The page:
Role of global supply chain management in India’s economic recovery in a post-Covid world
Despite its devastating effects on businesses and societies, the pandemic can act as a catalyst for companies worldwide to rapidly innovate their business models to make their supply chains more agile and resilient to future disruptions, says Prof. Avijit Raychaudhuri of IIM Udaipur
By Prof. Avijit Raychaudhuri
What is common among Ana del Valle, Mukhtar Ahmed, and Sylvia Goldsholl? They are centenarians and only a handful among the living populace who had witnessed the Spanish flu and have also beaten the Covid-19 virus. The Spanish flu pandemic is the only event in recent memory which compares in scale and devastation with the ongoing Covid-19 pandemic. Such has been the disruption throughout global supply chains caused by the pandemic that everyone seems to have suddenly become familiar with the term, if not experts on, supply chain management.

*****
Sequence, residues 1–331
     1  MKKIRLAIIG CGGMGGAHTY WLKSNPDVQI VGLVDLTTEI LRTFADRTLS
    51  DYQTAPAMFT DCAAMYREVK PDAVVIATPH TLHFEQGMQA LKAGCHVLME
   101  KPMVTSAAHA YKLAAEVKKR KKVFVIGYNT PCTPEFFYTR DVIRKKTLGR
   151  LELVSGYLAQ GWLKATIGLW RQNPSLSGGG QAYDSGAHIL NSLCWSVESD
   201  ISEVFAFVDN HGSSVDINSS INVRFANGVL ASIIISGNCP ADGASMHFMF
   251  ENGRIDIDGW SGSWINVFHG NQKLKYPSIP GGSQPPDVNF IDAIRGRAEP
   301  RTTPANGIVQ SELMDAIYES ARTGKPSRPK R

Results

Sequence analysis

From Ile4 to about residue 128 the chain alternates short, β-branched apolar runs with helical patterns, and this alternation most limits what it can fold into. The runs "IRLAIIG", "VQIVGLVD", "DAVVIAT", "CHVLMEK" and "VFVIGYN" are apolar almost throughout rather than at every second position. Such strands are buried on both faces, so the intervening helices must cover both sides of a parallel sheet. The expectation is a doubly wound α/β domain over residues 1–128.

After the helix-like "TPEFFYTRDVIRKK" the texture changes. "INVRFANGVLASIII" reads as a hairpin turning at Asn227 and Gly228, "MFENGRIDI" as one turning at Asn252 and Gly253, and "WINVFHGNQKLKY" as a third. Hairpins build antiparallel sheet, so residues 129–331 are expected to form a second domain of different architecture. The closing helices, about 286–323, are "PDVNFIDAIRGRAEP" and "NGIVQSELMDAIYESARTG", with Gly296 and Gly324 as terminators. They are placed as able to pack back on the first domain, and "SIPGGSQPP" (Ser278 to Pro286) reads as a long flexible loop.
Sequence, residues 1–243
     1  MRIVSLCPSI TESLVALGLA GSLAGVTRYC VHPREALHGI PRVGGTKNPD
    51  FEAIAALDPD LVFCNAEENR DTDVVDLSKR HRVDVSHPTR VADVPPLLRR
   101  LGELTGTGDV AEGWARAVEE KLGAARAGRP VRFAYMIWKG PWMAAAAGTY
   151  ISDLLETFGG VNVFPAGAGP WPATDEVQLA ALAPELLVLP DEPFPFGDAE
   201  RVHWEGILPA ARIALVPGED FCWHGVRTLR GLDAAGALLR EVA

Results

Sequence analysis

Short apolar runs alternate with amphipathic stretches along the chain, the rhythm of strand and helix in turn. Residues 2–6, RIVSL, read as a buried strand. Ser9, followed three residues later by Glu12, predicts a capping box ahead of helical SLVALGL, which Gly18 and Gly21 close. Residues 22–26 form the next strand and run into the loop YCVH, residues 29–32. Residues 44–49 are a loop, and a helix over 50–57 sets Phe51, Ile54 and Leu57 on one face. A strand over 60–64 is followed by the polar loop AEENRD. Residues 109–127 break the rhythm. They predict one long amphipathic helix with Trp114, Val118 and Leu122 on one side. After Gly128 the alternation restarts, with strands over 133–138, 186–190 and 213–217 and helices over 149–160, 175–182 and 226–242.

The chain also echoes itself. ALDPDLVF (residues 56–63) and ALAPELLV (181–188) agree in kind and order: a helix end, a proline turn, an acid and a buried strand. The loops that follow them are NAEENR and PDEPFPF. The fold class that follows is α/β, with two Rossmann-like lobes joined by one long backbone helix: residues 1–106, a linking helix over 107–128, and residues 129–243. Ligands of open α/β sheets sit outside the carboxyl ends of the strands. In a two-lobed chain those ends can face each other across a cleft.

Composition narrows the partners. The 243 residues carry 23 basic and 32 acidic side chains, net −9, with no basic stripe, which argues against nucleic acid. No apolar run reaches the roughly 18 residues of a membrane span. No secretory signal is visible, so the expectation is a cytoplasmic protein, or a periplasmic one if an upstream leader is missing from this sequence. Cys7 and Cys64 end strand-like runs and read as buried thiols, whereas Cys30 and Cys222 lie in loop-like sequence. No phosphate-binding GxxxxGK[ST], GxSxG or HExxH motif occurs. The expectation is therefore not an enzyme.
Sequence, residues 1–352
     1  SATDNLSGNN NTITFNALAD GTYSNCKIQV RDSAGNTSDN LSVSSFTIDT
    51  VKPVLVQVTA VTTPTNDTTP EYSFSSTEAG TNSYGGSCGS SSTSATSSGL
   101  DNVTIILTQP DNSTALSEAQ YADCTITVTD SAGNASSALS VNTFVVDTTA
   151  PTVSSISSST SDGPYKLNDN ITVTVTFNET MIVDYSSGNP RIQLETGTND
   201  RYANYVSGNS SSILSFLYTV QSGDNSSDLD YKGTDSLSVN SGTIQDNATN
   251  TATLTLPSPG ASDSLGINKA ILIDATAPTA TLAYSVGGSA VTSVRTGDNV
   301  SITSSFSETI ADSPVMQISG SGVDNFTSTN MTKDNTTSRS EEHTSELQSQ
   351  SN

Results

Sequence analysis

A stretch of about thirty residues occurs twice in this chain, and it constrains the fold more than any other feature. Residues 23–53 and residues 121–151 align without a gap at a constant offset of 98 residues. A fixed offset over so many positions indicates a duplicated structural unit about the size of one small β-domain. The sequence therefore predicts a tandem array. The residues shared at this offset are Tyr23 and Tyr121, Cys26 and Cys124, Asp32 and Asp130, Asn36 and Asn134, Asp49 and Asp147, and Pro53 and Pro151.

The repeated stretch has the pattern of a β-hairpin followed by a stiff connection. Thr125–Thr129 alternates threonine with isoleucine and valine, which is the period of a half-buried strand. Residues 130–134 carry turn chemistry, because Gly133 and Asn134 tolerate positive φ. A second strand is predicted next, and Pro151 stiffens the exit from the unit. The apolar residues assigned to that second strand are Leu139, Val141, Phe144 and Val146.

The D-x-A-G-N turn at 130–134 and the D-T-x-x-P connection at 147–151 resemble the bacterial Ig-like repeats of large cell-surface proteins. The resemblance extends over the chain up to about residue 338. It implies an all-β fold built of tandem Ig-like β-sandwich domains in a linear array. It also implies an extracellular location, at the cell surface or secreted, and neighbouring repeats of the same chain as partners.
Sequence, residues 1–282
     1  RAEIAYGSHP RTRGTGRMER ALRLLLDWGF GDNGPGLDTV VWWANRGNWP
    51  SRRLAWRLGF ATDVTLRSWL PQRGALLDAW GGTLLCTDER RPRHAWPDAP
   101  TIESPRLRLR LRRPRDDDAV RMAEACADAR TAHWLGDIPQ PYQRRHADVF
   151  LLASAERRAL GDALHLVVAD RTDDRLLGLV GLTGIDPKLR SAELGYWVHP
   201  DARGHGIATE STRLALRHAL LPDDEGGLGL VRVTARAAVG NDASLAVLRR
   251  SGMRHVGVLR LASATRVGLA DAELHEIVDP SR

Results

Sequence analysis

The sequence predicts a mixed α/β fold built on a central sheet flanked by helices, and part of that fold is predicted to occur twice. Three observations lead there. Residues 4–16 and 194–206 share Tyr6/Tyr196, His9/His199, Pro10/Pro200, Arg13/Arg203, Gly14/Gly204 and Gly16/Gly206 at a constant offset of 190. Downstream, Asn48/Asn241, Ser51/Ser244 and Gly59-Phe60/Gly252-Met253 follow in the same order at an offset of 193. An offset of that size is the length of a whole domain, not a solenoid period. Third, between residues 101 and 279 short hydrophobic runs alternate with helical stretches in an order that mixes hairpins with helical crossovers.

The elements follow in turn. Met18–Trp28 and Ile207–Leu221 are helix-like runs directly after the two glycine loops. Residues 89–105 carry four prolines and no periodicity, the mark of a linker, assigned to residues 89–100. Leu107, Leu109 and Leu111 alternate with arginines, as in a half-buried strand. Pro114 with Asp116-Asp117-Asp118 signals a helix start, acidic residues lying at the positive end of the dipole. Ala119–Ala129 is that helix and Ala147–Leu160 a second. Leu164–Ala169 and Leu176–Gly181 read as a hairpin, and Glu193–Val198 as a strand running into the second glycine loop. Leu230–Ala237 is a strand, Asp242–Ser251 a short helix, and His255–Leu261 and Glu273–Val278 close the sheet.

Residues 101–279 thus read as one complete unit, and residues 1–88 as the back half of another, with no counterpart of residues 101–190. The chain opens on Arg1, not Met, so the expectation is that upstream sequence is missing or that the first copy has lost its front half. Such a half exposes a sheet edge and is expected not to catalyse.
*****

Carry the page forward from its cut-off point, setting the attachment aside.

A different kind of disruption
Supply chain disruptions, irrespective of cause or scale, generally have temporary effects on businesses. Companies respond to disruptions by deploying either existing business continuity plans or ad hoc measures or a combination of both. In some cases, external intervention might also be required to tackle the disruptions. The intended outcome of such responses is generally to revert to business as usual at the end of the disruptions.
The ongoing pandemic is a supply chain disruption without a contemporary parallel. Unlike any other disruption, the cause of the pandemic – a virus – does not directly affect manufacturing facilities or distribution and sales channels. Instead, the highly contagious and potent virus afflicts humans at a rapid pace which eventually disrupts entire supply chains from sourcing through consumption stages.
India’s economic recovery will depend on how well we respond to temporal challenges
The very nature of the disruption caused by the Covid-19 pandemic indicates that economic recovery will also follow an uncharted path. India is among the worst affected nations with its economy expected to contract in FY21. Although a V-shaped recovery is what the nation hopes for, the reality is likely to be very different. For the sake of setting more pragmatic expectations, we need to take a look at the short-term and long-term factors that will affect India’s economic recovery.